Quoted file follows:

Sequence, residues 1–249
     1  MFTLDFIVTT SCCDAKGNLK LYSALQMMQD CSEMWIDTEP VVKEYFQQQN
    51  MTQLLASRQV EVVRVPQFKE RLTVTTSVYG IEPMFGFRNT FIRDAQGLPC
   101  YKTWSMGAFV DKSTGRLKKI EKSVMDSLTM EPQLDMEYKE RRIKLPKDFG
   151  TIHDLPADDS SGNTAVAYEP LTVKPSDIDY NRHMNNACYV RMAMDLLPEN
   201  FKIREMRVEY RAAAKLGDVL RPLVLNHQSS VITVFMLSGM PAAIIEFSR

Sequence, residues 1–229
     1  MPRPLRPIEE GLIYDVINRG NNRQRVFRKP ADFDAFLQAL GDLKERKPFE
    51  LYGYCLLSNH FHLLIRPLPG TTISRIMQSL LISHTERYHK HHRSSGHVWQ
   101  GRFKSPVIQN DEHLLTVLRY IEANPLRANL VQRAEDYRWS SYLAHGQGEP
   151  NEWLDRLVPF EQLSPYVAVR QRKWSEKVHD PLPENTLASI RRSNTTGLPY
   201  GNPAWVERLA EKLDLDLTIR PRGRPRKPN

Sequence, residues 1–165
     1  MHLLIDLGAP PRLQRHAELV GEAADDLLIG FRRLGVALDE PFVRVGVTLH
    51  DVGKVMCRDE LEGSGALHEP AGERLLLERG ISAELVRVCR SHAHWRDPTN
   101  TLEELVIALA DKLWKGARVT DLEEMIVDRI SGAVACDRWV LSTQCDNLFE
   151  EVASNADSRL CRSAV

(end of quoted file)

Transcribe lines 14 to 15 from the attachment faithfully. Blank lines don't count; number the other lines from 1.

     1  MHLLIDLGAP PRLQRHAELV GEAADDLLIG FRRLGVALDE PFVRVGVTLH
    51  DVGKVMCRDE LEGSGALHEP AGERLLLERG ISAELVRVCR SHAHWRDPTN